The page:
If you find yourself in situations where you feel the need to make excuses or apologize for your partner’s behavior, you’re probably in love with the wrong person. On the other hand, if your partner can’t take the conversation seriously, it’s a telling sign that they’re not serious about you.
Finding love isn’t easy. Flirting, dating, love-making, moving in together, and then inviting friends to celebrate your union sounds like a simple route, but is it? There are plenty of ways to get it wrong. Here’s how to avoid them.
If in doubt, speak up
What did you mean by that? Five words usually only heard during an argument. However, if they are used less pejoratively they can reduce misunderstandings, and may even prevent arguments in the first place. Both men and women share basic human characteristics; one being a tendency to make assumptions, and another that they can listen to only one conversation at a time. Put these together and chaos will ensue! Your partner is constantly processing and making assumptions about what you say and do, as well as having a conversation inside their own head about what you’re saying. It causes them to miss whatever else you might be saying and so it’s little wonder that he or she makes up ‘stuff’! Instead of inventing and imagining, just ask a better question instead. The worst that can happen is finding out that this person isn’t for you – but isn’t it better to find out earlier rather than later?
Don’t assume that the ‘whiz-bang’ and ‘fireworks’ will last
At the start of a romantic relationship, men have a surge of hormones normally associated with women (oestrogen being the most obvious). This surge causes him to be more caring than usual. However, it will wear off. At the same time, a woman may feel a surge of hormones that are more usually associated with men (such as testosterone). She may become – how can I say this delicately? – perhaps more ‘frisky’ than usual! Sadly, that too will diminish, and when all that chemistry wears off it can feel like the other person has ‘changed’. The fact is, they have. They’ve changed back to the person they were before all those evolutionary-biological responses kicked in. The thing is, it’s natural and normal, so be prepared for it.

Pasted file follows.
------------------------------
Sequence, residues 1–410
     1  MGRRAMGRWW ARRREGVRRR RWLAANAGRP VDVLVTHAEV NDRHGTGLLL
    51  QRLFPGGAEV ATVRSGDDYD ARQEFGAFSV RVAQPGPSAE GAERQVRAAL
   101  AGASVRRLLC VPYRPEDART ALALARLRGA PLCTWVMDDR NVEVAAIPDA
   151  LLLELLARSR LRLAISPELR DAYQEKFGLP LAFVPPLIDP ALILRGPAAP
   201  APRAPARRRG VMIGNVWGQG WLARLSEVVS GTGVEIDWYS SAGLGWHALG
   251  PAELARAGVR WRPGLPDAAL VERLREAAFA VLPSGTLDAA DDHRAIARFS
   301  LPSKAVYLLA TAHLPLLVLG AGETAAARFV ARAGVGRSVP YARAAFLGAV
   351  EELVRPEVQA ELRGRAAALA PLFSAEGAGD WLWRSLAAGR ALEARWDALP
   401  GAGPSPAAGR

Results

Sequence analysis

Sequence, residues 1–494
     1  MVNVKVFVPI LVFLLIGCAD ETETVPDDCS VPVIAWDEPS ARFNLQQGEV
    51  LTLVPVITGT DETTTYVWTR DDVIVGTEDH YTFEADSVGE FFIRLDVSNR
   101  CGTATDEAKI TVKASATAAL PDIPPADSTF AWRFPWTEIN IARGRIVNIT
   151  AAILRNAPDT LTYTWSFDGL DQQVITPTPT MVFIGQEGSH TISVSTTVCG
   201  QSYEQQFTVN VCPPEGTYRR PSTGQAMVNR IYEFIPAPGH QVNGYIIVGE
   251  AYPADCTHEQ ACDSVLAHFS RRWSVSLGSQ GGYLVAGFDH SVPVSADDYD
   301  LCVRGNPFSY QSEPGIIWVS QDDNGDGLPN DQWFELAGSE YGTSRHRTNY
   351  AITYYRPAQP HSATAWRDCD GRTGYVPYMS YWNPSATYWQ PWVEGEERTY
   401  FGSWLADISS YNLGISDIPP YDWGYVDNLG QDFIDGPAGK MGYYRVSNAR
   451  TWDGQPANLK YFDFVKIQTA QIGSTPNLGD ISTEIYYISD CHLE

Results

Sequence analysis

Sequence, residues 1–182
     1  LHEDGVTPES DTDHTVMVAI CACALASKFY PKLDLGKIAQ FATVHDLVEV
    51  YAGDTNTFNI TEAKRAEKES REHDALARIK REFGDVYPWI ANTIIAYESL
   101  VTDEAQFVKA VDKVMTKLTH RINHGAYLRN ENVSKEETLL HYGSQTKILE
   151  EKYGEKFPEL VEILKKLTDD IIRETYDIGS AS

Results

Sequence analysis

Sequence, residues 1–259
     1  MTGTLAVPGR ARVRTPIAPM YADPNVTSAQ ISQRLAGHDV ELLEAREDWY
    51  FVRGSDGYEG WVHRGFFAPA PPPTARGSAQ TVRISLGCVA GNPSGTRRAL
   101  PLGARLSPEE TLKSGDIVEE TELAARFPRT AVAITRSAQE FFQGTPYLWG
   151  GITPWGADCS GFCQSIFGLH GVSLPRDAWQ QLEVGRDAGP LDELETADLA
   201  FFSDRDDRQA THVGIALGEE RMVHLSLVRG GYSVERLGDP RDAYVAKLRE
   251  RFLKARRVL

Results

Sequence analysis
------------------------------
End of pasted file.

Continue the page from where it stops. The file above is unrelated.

Be honest about what irritates you
Most people really struggle to say with any clarity what it is they really want from their life-partner. They may be able to place a supermarket order, choose from a menu and pick a holiday, but when it comes to being clear about what kind of relationship they want, most people find it hard to say what they mean. Try it. Casually ask what your partner wants from the relationship and see what you get. More often than not, she or he will either be defensive, talk in platitudes, make light of the question, divert attention to something else, or in some other way not tell you. However, just ask what irritates them and in most cases they’ll tell you! It’s easier to say what we don’t want than what we do want.
Everyone can remember something that either irritates, frustrates, or ‘pushes their buttons’. These memories make it easier to talk about because they are real, as opposed to some kind of relationship nirvana they may actually not have experienced yet. Once asked, it’s natural they return the favour and ask you. Therefore, you get to tell them what they should avoid doing without having to experience it first. However, if they don’t return the favour, it pretty much speaks for itself – so expect to be irritated. If they go on to do what you’ve specifically asked them not to do, then know where you stand. You have the choice to either put up or shut up, but at least you get to know early doors.
Be clear about what kind of life you want to live
Town or country, one child or a hockey team, career or lifestyle… the choices go on. They are serious issues that deserve to be aired, but all too often don’t show up until a choice has to be made. The choices don’t need to all be about the big stuff either. How about: To shower every day or not? Dogs, cats or no pets at all? To eat at the table or on the lap? The list goes on. The small stuff will become as important as anything if it becomes a wedge between you. All relationships develop cracks, that’s only natural, but if a wedge finds its way into one it’ll push the crack wider and wider until a small problem becomes huge. All you need to do is be genuinely curious. These are things you need to know, so start asking. Find out, and when the cracks come they’ll heal themselves.